Book Image

Advanced Serverless Architectures with Microsoft Azure

By : Daniel Bass
Book Image

Advanced Serverless Architectures with Microsoft Azure

By: Daniel Bass

Overview of this book

Advanced Serverless Architectures with Microsoft Azure redefines your experience of designing serverless systems. It shows you how to tackle challenges of varying levels, not just the straightforward ones. You'll be learning how to deliver features quickly by building systems, which retain the scalability and benefits of serverless. You'll begin your journey by learning how to build a simple, completely serverless application. Then, you'll build a highly scalable solution using a queue, load messages onto the queue, and read them asynchronously. To boost your knowledge further, the book also features durable functions and ways to use them to solve errors in a complex system. You'll then learn about security by building a security solution from serverless components. Next, you’ll gain an understanding of observability and ways to leverage application insights to bring you performance benefits. As you approach the concluding chapters, you’ll explore chaos engineering and the benefits of resilience, by actively switching off a few of the functions within a complex system, submitting a request, and observing the resulting behavior. By the end of this book, you will have developed the skills you need to build and maintain increasingly complex systems that match evolving platform requirements.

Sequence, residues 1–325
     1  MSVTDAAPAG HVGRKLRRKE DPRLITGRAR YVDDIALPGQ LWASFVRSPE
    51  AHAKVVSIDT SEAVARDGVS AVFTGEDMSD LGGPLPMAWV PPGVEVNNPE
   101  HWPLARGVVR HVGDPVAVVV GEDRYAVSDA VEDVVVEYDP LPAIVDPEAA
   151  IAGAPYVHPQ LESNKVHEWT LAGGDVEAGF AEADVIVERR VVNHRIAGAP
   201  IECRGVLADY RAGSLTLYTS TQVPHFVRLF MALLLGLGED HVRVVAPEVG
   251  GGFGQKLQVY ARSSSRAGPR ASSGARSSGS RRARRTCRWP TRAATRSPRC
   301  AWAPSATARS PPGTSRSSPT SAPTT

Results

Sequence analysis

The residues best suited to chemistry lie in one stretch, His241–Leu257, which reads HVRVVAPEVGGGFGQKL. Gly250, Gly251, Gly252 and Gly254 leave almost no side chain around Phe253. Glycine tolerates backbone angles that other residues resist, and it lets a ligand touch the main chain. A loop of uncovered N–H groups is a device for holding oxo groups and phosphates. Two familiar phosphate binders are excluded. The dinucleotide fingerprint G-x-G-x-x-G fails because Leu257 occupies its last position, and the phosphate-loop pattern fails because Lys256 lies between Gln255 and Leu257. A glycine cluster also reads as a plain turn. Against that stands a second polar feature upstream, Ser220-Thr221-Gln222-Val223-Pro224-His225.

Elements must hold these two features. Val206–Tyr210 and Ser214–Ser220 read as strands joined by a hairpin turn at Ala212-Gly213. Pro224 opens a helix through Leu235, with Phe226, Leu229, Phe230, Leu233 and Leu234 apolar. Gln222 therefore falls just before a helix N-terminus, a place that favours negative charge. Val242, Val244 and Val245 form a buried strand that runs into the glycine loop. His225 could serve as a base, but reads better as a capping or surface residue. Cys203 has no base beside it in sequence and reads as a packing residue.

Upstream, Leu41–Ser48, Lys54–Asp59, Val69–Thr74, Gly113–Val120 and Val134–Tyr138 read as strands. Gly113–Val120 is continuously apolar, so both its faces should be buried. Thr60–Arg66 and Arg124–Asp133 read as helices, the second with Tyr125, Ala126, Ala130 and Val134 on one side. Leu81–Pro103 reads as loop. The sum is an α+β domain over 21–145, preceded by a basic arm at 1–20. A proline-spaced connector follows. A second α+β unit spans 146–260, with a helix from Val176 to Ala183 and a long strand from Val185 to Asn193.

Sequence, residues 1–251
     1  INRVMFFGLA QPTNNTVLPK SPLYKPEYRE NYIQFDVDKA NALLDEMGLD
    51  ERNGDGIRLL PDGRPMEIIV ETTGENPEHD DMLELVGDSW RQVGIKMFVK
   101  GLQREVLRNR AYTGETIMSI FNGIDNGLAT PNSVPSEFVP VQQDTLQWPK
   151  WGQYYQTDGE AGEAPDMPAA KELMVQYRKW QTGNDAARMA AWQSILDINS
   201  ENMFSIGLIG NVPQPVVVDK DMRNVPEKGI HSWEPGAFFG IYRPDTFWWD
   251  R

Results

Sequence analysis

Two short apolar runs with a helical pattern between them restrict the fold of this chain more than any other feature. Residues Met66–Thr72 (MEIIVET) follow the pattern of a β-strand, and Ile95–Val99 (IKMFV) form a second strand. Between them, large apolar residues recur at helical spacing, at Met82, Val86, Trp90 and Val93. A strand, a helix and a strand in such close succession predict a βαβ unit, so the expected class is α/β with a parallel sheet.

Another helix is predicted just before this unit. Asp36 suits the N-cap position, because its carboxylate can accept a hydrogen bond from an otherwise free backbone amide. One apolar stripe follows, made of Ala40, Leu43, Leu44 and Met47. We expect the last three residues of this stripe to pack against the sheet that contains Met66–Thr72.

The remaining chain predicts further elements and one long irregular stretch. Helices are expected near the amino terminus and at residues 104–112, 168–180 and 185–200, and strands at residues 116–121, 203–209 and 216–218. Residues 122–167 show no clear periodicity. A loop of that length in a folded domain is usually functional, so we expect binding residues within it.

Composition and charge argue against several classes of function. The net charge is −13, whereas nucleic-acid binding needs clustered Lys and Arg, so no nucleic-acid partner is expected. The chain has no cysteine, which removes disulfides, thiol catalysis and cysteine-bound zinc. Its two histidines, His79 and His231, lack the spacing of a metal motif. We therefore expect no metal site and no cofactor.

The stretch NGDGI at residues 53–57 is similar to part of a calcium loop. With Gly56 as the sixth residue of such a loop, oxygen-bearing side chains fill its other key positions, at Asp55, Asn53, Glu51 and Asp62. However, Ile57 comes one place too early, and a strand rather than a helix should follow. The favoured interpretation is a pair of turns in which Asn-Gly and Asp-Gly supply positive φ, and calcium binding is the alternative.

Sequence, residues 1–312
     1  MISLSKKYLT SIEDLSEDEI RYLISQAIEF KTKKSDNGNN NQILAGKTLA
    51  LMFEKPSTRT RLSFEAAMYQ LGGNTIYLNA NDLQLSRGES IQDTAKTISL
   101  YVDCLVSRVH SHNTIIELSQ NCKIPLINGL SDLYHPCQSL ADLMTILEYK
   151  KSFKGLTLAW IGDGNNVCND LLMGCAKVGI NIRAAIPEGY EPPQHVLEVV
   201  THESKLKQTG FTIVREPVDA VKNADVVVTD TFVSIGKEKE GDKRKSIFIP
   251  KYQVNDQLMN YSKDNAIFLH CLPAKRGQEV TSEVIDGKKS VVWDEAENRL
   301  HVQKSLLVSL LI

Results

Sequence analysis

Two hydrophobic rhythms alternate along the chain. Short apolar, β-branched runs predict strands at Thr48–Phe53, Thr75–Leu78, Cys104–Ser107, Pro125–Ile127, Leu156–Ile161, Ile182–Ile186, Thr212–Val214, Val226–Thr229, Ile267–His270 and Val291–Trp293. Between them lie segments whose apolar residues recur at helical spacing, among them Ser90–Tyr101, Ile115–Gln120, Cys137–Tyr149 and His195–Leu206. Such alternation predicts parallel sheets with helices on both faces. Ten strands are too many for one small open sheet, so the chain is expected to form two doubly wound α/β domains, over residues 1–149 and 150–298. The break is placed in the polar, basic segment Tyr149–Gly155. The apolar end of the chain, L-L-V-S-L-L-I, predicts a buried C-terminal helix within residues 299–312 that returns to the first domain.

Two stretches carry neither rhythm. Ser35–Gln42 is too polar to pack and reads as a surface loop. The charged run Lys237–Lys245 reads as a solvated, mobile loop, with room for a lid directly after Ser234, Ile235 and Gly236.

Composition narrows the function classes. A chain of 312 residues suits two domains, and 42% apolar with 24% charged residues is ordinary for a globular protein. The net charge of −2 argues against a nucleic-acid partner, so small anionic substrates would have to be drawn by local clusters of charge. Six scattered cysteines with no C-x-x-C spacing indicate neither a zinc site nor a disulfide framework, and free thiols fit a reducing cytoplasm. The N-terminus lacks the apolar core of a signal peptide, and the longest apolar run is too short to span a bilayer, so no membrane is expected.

Table of Contents (8 chapters)

Understanding Observability

Observability is a measure of how much you can infer the inner workings of a closed system through external information. This is a very wide definition. This includes, for example, knowing that a server is at least switched on because you receive a response code of some kind rather than a network error. A more purposeful example would be a "heartbeat" endpoint or page, often implemented and called regularly to check that a service is up and responding. This can help you diagnose simple issues, but it's unlikely to help with issues such as a database being intermittently available.

Observability in a software context is said to depend on three pillars: logs, metrics, and traces. We will discuss these in the subsequent sections.


Logs are system records of event occurrences such as the arrival of a request or completion of some process. This is the most easily and commonly introduced form of observability. They are often recorded in plaintext format—most software...